When a new person walks into our CrossFit Palm Beach facility for the first time, we always ask them what their goals are. More often than not, their goals are physical goals, meaning they want to improve how they look. They may want to lose X number of lbs, add muscle tone or build size in their arms or legs, fit into a dress or an old pair of jeans, or get that elusive six pack. Regardless of how they phrase it, the result is the same. They want to look better than they think they look now.
While there is nothing wrong or shallow about having goals related to how you look (and I would encourage you to have some), my experience tells me that physical goals like these are not enough. You need performance-based goals, and here’s why.
As human beings, we are motivated by growth, by progress. Therefore, in order for a goal to motivate you long-term, it needs to allow for an infinite amount of growth.
If your only goal is to lose 20 lbs, what happens when you achieve that goal and you do actually lose 20 lbs? What happens when the novelty of that achievement wears off and you’re forced to maintain it? What will motivate you then? What will get you out of bed every morning or into the gym after a long day at work or with the family?
The idea of maintenance is boring. The thought of working your ass off to stay in one place is very rarely going to push you to do the things you should do on a daily basis.
And that’s assuming you actually reach that goal in the first place. I believe that the reason most people give up on their goals is not because they can’t achieve them, but because the thought of having to sustain the habits and lifestyle to maintain those goals, is too daunting to even try. The idea of upholding those goals for the rest of their lives is overwhelming.
That’s where performance goals become so important. Performance goals allow for an infinite amount of setting and resetting of your goals, so there is always something to keep pushing you forward.
Many women walk into our facility with the goal to achieve their first pull up. Some of them think it’s impossible, but we encourage them to set a goal like that anyway. Just like the goal of losing 20 lbs, the thought of getting your first pull up can help motivate you to show up to the gym regularly and eat better when you’re not in the gym.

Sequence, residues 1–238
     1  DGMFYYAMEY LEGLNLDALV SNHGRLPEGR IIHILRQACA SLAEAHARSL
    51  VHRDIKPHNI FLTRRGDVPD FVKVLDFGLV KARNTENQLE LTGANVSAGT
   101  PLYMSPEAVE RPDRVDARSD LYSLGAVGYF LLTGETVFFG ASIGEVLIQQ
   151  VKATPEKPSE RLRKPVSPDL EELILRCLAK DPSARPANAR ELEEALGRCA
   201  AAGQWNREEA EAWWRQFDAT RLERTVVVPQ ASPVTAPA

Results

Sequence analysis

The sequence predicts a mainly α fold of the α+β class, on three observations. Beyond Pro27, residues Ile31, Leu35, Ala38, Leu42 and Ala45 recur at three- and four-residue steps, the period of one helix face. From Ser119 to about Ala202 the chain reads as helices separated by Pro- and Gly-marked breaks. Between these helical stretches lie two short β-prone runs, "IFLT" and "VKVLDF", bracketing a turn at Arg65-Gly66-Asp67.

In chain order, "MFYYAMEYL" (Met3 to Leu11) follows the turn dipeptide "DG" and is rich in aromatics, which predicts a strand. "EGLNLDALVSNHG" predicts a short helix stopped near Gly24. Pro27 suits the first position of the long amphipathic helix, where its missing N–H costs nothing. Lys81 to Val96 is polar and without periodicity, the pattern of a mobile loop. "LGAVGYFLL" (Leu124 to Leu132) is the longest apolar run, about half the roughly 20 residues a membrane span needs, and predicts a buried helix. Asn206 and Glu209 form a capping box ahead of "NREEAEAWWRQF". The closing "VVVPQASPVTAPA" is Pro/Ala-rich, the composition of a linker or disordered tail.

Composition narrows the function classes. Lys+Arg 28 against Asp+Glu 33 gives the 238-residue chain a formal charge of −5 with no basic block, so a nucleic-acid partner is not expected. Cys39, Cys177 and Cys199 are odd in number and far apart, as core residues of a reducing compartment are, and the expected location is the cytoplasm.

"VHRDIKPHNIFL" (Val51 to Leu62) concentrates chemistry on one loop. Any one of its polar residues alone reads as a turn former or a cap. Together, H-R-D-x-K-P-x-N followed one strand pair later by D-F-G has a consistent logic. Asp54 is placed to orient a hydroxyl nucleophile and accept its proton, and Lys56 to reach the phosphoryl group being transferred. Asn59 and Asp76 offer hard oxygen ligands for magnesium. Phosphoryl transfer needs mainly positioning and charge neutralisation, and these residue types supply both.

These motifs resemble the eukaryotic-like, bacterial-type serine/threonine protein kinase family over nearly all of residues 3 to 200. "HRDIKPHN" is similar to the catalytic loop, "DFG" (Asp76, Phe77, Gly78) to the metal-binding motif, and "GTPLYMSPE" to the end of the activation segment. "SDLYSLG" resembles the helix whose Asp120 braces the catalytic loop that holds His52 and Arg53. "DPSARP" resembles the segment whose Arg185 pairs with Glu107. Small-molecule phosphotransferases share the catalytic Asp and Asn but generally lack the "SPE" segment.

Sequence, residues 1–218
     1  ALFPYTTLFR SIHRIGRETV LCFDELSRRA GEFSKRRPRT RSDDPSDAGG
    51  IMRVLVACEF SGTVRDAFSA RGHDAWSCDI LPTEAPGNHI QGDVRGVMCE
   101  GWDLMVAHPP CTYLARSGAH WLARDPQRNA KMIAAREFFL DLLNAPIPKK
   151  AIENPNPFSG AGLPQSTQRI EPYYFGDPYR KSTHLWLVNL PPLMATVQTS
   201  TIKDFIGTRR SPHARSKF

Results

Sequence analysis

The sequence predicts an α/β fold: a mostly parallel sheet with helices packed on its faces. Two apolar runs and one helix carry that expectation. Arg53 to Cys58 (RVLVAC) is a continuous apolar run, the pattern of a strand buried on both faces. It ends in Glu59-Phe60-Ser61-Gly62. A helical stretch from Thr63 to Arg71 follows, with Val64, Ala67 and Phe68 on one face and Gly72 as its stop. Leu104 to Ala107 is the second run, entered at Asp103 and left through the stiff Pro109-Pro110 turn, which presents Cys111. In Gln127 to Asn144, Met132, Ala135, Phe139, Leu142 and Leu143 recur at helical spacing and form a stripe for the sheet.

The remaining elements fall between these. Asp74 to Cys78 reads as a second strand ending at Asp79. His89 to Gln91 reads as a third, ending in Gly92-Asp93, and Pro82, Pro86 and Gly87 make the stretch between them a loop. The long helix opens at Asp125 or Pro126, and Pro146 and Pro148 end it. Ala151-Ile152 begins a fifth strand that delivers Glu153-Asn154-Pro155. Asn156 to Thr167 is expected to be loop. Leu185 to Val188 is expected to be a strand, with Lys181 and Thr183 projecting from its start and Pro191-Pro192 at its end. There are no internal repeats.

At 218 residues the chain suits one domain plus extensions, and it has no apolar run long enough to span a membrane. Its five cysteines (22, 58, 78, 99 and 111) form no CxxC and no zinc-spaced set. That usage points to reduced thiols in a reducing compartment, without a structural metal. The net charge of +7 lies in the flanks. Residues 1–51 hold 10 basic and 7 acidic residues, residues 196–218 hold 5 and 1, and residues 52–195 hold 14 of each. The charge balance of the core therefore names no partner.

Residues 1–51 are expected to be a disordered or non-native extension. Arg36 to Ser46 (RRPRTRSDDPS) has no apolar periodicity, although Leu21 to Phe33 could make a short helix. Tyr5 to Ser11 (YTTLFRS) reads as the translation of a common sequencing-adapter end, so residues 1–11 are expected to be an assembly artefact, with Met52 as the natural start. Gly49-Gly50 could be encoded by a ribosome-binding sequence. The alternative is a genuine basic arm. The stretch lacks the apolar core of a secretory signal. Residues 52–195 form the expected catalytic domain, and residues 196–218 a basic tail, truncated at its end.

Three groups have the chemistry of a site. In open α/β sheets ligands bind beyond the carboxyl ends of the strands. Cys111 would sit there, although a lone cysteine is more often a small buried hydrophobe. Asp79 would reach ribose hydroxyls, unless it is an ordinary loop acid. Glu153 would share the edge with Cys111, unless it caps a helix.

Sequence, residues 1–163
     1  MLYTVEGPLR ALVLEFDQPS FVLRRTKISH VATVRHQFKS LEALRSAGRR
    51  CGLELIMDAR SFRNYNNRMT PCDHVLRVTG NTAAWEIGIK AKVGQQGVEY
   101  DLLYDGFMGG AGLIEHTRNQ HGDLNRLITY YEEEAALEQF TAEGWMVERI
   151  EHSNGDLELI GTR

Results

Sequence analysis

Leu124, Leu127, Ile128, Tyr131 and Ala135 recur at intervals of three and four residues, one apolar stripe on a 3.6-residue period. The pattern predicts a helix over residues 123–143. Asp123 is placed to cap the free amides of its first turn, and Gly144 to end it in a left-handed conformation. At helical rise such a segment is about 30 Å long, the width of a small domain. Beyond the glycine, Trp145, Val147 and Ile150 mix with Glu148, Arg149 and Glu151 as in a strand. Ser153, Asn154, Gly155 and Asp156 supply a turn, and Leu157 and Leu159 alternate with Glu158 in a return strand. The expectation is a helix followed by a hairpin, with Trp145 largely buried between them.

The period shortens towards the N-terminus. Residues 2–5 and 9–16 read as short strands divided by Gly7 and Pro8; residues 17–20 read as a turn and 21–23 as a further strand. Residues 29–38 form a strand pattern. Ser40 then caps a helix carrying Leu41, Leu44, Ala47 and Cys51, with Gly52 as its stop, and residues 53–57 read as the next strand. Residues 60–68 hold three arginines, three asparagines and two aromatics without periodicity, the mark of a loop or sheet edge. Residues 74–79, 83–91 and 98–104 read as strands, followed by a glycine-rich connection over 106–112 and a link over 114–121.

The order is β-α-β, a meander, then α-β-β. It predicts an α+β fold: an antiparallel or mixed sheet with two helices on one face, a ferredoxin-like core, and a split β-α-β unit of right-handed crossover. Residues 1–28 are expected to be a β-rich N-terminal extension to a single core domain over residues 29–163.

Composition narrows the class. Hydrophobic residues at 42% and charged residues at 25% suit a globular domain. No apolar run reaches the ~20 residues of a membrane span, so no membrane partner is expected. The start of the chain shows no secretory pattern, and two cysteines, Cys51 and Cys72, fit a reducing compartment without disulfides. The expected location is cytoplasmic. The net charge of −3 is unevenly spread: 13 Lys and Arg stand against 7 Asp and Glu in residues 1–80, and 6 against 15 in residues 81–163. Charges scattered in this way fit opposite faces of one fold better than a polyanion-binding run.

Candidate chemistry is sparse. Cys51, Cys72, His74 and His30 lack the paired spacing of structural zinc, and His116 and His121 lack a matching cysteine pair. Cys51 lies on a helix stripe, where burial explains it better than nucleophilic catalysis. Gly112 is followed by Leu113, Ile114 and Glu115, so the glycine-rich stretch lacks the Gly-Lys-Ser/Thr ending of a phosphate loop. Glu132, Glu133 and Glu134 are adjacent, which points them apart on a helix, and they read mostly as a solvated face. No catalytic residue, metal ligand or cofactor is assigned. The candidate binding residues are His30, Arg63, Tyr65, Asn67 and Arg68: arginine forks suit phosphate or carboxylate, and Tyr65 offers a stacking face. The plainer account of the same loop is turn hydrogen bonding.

Eventually, you will achieve that goal. You will get that first pull up and it will be one of the best feelings in the world. And you better stop to celebrate that goal. Because you earned it, and it took a lot of hard work and discipline to get there. And just like any other goal, the excitement and joy around that goal will eventually subside, because ultimately, we as humans are motivated by growth, not by maintenance, not by some absolute achievement.
And that’s where the magic of performance goals really takes off. Once you can achieve 1 pull up, you know you have the power within you to get 5 pull ups, and maybe you set that as your next goal. Or maybe you want to do a chest to bar pull up or a muscle up. Whatever your next goal is, you can always set a new goal that is 1 rep further or just a little more difficult than that previous goal was. That’s the beauty of CrossFit, there are an infinite number of exercises, skills, and benchmark workouts that you can get better at, so you can constantly set and reset goals all the time.
The best part about performance goals, is the physical goals tend to come with them. In the process of trying to achieve that first pull up, you end up with the body you always wanted. And instead of fussing over the number on the scale, and the 1 lb you gained over the weekend, you can keep your sights set on the 2nd, and 3rd, and 4th pull up, and let the physical goals continue to take care of themselves.
When I re-ask the goals question to that same new member after they have been with us for a few months, it’s always exciting to hear how their goals have shifted from the physical side to the performance side. It’s at this point that I know this person has made a positive change that will last with them forever. Their health and fitness has taken on a deeper meaning beyond just how they look.